The Question of Sanctions: South Africa and Palestine

Sanctions against apartheid South Africa are, in the opinion of the writer, the only instance when sanctions have achieved their objective. They were also driven by civil society rather than by governments.

By contrast, US sanctions since the 1950s against Cuba, Iraq, Iran, Venezuela, Zimbabwe, North Korea and numerous other countries have proved dismal failures. Even worse, they have inflicted unjustifiable misery upon the very people they were purportedly intended to assist.

The former US Secretary of State Madeleine Albright remains infamous for her notorious comment on television that the deaths of five hundred thousand Iraqi children was a price worth paying in pursuit of US sanctions against the Iraqi government and Saddam Hussein. The cost of reconstruction for the devastation inflicted on Iraq since 2003 is estimated at US$100 billion.

At question is whether US government sanctions are actually intended to achieve any objective, or are merely “feel-good” gestures intended to satisfy a domestic political audience? So-called “smart sanctions” — freezing assets and imposing travel bans on foreign government officials — have also proved completely ineffective.

South Africa’s Experience: Sports boycotts and fruit boycotts against apartheid South Africa over a twenty-five year period from 1960 until 1985 raised awareness about human rights abuses in South Africa, but most certainly did not bring down the apartheid government. Trade boycotts are inevitably riddled through with loopholes. There are invariably businessmen who, for a discount or premium, are prepared to take the risks of flouting trade boycotts, including mandatory arms embargoes.

The consequences however, for ordinary people in the boycotted country are that wages for workers are cut (or jobs lost) to reflect the discount on exported goods or, alternatively, that prices for imported goods are inflated by the premium paid to a foreign exporter prepared to break the boycott.

In the “national interest,” banks and/or chambers of commerce are always prepared to issue fraudulent letters of credit or certificates of origin to thwart the intentions of trade sanctions. As an example, Nedbank during the Rhodesian UDI days from 1965 until 1990 provided dummy accounts and front companies for its Rhodesian subsidiary, Rhobank.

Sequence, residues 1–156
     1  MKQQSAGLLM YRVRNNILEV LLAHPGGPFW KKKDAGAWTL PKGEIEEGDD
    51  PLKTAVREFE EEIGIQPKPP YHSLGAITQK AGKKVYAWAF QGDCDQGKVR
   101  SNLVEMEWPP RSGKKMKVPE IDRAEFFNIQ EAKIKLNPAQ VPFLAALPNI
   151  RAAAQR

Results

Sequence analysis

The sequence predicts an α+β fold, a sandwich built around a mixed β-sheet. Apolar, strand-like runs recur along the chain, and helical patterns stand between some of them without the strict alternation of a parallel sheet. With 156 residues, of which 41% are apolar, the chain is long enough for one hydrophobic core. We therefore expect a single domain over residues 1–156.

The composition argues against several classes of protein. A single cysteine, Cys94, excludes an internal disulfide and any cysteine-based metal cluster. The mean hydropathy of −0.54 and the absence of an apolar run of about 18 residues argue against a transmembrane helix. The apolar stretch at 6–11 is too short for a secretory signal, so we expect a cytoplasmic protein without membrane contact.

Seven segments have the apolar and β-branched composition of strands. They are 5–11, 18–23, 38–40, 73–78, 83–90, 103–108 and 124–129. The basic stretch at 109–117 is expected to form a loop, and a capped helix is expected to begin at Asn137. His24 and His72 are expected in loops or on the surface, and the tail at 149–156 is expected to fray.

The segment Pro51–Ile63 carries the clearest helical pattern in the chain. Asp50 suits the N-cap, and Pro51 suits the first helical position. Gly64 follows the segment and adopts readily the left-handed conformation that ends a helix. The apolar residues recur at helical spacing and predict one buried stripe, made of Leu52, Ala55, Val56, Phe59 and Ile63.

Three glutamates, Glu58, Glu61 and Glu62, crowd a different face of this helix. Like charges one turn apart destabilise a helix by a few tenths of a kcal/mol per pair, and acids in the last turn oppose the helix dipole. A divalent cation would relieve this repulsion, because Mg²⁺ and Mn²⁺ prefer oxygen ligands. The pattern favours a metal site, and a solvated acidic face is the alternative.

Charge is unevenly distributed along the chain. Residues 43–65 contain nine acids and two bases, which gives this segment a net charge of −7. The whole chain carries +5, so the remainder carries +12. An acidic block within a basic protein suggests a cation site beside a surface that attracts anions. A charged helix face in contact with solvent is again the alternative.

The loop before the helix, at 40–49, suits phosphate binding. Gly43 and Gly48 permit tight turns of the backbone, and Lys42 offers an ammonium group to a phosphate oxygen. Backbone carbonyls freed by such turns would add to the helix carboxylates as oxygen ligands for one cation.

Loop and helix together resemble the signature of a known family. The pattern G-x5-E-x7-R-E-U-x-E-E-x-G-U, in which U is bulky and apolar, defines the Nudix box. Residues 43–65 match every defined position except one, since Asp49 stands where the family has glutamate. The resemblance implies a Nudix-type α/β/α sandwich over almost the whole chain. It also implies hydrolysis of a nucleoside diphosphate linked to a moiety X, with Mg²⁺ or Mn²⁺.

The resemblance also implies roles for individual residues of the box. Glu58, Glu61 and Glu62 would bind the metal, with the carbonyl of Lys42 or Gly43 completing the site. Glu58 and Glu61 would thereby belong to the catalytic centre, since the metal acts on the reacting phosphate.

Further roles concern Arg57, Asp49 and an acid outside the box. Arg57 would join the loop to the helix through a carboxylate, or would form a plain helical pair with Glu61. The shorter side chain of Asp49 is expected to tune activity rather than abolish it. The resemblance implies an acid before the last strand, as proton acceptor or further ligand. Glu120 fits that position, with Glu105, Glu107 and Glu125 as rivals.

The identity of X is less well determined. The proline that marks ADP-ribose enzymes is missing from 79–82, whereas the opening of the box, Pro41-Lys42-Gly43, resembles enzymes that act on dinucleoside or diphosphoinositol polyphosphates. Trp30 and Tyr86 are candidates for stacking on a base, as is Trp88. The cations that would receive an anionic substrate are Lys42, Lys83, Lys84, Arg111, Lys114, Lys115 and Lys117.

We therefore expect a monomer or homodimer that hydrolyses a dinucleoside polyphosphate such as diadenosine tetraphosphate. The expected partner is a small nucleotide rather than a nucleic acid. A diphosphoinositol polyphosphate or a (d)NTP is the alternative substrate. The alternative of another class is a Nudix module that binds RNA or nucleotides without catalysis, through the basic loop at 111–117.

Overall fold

Similarly, end user certificates in respect of the arms trade are not worth-the-paper- they-are-written-on because corrupt politicians are handsomely recompensed for flouting arms embargoes. As another example, the Togolese dictator, Gnassingbe Eyadema (1967-2005) profited immensely from the “blood diamonds” for weapons trade, and his son Faure has continued in power since his father died in 2005.

The United Nations Security Council in November 1977 determined that human rights abuses in South Africa posed a threat to international peace and security, and imposed a mandatory arms embargo. At the time, the decision was hailed as a major advance in 20th century diplomacy.

Yet as an article in the Daily Maverick on apartheid profits (including the linked 19 previous installments) published on December 15, 2017 highlights, the US, British, Chinese, Israeli, French and other governments, combined with a variety of rogues, were willing to flout international law to support the apartheid government and/or to profit from illegal transactions.

Massive expenditures on armaments, including nuclear weapons — plus a premium of more than US$25 billion spent to bypass oil sanctions — by 1985 led to a financial crisis, and South Africa defaulted on its relatively low foreign debt of US$25 billion in September that year. South Africa was self-sufficient except for oil, and assumed that, as the world’s main gold producer, it was impregnable. The country was however, also on a fast track to civil war and a prospective racial bloodbath.

Television coverage around the world of civil unrest stirred international revulsion with the system of apartheid, and amongst Americans resonated with the civil rights campaign. More than two-thirds of South Africa’s debt was short-term and thus repayable within one year, hence the foreign debt crisis was a cash-flow problem rather than actual bankruptcy.

All the military equipment, including those nuclear weapons, proved useless in defending the apartheid system

In response to public pressure, Chase Manhattan Bank in July precipitated the “debt standstill” by announcing that it would not renew the US$500 million in loans that it had outstanding to South Africa. Other US banks followed, but their combined loans amounting to just over US$2 billion were alone exceeded by that of Barclays Bank, the largest creditor. A rescheduling committee, chaired by Dr Fritz Leutwiler of Switzerland, was established to reschedule the debts.

Divestment is a peculiarly American response given the role of pension funds on the New York Stock Exchange, and shareholder activism. For instance, Mobil Oil, General Motors and IBM withdrew from South Africa under pressure from American shareholders, but sold their South African subsidiaries at “fire sale prices” to Anglo-American Corporation and other companies that were prime beneficiaries of the apartheid system.